I wondered if there are some other gems on the list that you’d like to share with us
Jeanie: That’s a great plan. So, my guess is that you just announced this year’s winner, which students in grades four through eight vote for. What’s the winner, from this past list?
Annie: So, Alan Gratz’s book Refugee won for this year. What’s exciting about that is this is the second year in a row for him to be a winning author. Last year’s Project 1065 won. Kids are really excited about his books and, so he’s a winner again. Second year in a row.
Congrats to ‘s Refugee which won this year’s Dorothy Canfield Fisher Book Award! Mr. Gratz’s selections have won two years in a row!! Great choice #vted readers!! #dorothyslist #vsla pic dominicancupid.twitter/q2sM3cQmzM
Jeanie: That’s wonderful. When I was both a kindergarten to sixth-grade school librarian and then again in seven to 12, these books flew off my shelf. You all put together such a lovely list. Some of my favorite middle grades reads have been on that list, including now Felix and No Fixed Address.
From the CHMS School Librarian, Steve Madden: The 2019-2020 Dorothy Canfield Fisher Master List is out, and you can check out the books here: pic.twitter/bXiJA0eAX5
We have some great Vermont author books on this year’s list.
We always like to try to put a creepy, scary book on the list every year. Small Spaces by Katherine Arden is a great creepy book, and also a great place book in terms of the setting in Vermont. This one’s going to fly off the shelves. I know for sure.
So, kids are kind of going on this field trip from Hell where they’re like stuck in this field and there are scary scarecrows and there is all kinds of mystery. It all revolves around this book that a woman was going to toss into a river and this kid grabbed it. Then strange things start happening. So, I can’t tell you more than that, but it’s going to be a really fun, scary book that I’m sure will fly off the shelves.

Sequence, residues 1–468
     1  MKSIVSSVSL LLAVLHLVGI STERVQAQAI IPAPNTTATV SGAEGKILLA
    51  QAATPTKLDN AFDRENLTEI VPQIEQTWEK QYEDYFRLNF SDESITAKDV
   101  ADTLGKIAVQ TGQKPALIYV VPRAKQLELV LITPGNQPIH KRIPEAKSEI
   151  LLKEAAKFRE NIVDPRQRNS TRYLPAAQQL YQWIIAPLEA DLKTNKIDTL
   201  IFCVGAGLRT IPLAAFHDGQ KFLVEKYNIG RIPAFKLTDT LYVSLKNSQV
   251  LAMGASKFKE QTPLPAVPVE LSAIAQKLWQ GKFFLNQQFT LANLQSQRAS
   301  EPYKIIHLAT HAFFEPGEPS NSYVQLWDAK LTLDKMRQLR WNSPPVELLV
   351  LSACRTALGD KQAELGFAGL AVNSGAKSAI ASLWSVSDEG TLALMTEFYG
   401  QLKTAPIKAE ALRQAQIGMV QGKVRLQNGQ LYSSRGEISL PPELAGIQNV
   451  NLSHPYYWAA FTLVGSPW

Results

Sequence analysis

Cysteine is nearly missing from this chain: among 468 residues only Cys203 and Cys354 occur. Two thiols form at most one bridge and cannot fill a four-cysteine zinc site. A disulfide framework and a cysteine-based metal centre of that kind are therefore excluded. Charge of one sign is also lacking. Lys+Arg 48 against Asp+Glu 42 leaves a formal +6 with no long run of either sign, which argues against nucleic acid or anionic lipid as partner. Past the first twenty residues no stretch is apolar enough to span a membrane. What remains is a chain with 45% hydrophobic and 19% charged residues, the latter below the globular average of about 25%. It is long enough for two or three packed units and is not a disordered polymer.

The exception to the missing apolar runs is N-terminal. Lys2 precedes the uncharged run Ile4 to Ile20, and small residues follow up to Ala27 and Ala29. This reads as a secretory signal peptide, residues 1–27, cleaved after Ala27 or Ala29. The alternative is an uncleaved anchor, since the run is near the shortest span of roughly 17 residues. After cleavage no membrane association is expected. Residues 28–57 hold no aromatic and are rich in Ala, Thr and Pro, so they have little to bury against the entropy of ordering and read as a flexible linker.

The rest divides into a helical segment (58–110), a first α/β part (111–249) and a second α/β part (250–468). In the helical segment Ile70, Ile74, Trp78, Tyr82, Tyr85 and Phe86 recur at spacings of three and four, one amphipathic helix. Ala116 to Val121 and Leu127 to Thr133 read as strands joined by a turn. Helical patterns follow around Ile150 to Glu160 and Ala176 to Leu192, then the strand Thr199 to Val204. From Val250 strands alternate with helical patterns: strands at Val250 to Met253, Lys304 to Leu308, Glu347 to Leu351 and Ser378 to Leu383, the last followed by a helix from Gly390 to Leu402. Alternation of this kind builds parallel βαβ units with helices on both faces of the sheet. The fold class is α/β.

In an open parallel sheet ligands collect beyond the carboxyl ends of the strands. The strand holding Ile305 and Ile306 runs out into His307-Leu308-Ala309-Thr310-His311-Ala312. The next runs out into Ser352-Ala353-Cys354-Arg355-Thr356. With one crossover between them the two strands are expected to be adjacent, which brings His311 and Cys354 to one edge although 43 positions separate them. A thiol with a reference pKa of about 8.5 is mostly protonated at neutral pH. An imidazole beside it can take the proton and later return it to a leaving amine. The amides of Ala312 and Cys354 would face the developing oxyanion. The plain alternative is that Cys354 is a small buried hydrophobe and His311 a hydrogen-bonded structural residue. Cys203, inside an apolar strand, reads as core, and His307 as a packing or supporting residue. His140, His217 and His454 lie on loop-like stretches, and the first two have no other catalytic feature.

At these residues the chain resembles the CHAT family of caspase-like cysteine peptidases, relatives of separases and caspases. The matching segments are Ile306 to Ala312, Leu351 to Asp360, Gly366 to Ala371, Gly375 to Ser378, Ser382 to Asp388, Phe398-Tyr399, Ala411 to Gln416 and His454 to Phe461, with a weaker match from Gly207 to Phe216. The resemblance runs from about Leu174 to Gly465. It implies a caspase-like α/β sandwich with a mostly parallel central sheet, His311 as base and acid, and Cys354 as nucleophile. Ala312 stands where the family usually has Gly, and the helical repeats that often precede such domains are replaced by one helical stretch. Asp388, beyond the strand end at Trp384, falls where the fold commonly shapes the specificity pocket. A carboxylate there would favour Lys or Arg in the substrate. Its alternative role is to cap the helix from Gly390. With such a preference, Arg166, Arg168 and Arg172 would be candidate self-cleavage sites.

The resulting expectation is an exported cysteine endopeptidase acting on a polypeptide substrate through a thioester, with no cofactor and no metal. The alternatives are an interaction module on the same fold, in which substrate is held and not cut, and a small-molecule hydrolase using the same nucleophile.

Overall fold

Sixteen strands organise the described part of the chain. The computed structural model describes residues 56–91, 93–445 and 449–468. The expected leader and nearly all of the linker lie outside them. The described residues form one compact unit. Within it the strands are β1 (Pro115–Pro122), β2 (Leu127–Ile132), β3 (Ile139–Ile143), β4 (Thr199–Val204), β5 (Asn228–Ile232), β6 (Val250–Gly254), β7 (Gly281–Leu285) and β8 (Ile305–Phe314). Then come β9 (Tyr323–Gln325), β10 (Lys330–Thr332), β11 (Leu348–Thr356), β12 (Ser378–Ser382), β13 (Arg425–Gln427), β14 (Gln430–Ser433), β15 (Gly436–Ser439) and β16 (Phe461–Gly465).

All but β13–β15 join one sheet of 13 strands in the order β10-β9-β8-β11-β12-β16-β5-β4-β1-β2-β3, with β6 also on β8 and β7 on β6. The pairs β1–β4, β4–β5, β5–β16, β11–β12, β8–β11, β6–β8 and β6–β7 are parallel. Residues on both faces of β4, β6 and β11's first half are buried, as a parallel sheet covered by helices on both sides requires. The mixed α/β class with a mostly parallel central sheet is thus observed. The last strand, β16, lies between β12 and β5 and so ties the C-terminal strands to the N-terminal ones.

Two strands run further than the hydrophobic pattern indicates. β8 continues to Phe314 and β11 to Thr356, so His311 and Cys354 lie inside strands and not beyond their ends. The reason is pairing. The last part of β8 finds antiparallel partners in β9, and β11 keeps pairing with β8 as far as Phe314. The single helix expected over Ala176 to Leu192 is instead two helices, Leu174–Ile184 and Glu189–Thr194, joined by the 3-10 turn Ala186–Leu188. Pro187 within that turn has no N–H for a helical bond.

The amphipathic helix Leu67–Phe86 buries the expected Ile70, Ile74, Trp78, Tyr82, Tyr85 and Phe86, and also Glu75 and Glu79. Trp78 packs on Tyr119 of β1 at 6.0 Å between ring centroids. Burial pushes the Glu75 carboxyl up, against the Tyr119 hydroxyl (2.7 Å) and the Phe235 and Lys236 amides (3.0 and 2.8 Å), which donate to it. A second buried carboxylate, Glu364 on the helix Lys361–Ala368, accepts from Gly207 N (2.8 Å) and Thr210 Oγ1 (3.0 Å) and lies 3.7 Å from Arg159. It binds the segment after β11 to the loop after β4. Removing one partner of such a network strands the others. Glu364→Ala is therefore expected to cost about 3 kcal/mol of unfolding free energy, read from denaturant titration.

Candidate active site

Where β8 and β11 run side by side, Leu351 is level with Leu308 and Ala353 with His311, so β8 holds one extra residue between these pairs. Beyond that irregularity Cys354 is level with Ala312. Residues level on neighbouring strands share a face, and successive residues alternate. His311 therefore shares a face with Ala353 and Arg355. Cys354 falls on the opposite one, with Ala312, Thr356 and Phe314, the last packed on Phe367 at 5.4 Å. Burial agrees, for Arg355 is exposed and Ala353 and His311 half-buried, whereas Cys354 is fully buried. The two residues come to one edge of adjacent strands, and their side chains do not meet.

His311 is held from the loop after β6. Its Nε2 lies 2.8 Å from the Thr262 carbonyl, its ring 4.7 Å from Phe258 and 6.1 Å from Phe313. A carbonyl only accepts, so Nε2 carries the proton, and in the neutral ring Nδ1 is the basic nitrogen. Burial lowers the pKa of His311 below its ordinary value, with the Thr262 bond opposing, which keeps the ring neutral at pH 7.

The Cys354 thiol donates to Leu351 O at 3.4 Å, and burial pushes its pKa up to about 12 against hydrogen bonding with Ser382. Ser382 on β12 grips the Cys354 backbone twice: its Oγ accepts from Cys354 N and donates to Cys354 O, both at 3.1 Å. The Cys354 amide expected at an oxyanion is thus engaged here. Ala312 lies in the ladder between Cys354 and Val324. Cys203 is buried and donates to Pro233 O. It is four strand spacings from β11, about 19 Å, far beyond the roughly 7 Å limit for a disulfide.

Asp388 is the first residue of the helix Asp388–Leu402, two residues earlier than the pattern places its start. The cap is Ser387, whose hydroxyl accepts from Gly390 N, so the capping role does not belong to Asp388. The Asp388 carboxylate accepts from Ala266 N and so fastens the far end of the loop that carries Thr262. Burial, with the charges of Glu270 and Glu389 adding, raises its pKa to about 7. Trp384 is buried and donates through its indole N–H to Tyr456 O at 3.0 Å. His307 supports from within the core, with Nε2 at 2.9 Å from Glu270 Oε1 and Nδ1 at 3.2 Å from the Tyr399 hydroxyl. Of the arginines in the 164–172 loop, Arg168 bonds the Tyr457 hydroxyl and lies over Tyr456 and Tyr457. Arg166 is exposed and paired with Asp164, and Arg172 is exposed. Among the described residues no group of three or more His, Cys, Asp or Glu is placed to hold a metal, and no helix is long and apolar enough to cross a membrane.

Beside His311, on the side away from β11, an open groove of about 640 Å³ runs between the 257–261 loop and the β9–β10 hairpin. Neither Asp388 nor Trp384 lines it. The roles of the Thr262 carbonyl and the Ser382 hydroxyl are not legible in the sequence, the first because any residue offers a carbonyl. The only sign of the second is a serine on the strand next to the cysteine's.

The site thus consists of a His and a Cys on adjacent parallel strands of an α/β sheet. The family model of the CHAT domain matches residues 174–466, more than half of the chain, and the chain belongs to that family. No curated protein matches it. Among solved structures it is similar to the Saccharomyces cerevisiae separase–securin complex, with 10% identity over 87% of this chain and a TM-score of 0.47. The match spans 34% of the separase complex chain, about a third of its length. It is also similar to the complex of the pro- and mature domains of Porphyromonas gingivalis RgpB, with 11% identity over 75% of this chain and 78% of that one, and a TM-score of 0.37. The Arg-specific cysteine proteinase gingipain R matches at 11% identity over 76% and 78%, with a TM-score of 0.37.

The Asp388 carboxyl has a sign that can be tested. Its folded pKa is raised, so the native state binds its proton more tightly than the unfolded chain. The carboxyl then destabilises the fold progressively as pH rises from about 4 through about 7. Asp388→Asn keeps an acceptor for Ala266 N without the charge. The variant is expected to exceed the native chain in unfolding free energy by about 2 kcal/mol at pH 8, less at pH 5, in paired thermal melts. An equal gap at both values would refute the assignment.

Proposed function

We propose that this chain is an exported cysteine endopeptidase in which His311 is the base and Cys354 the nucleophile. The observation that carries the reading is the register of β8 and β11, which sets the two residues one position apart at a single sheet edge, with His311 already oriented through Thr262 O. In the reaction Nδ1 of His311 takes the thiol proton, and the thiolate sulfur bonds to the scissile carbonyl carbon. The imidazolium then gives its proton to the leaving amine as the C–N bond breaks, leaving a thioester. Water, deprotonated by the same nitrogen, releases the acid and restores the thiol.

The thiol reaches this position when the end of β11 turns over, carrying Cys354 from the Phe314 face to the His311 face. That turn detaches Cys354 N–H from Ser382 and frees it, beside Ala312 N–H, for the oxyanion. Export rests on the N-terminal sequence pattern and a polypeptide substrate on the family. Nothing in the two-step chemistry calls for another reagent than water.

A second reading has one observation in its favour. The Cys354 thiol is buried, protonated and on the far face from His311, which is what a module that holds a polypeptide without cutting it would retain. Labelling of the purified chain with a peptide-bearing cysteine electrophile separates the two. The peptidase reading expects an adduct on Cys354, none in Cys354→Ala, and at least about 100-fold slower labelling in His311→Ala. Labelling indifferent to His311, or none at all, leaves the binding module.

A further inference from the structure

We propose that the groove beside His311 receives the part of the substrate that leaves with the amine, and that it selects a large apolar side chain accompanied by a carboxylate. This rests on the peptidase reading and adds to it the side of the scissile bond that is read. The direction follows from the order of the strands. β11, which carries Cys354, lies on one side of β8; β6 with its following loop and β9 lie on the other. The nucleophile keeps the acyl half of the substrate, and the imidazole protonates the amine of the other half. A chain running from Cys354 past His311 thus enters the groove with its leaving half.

Annie: Oh, yes. In her book, The Benefits of Being an Octopus, again, one of my favorites on the list. And one that the minute I read it in a day, and I said, I could think of so many kids that I’ve worked with that this would be their experience. Again, it’s a book about a kid living in poverty, and living in a situation where her mom is not physically abused, but emotionally and mentally abused and stepping in, much like Felix to have to be the adult in that situation. and just take on a lot of responsibility as a middle school kid that shouldn’t have to be her life.
So, another resilient strong character that is struggling through some hard times in some, again, security around where home is and where there’ll be living and all those things that come with financial struggles and home stability struggles.
Jeanie: I loved that book so much, and I’m really excited because Anne Braden has agreed to come to our Middle Grades Institute conference in June and she’s going to be doing some workshops and meeting with educators and meeting with the students who come there for camps.
Annie: Oh, great. Yeah. I think kids will identify with that book so much. There are other issues too that I talked about and they’re like, gun rights and things like that. So, I think a lot of really interesting topics that kids will connect with and also be able to talk about and discuss with each other.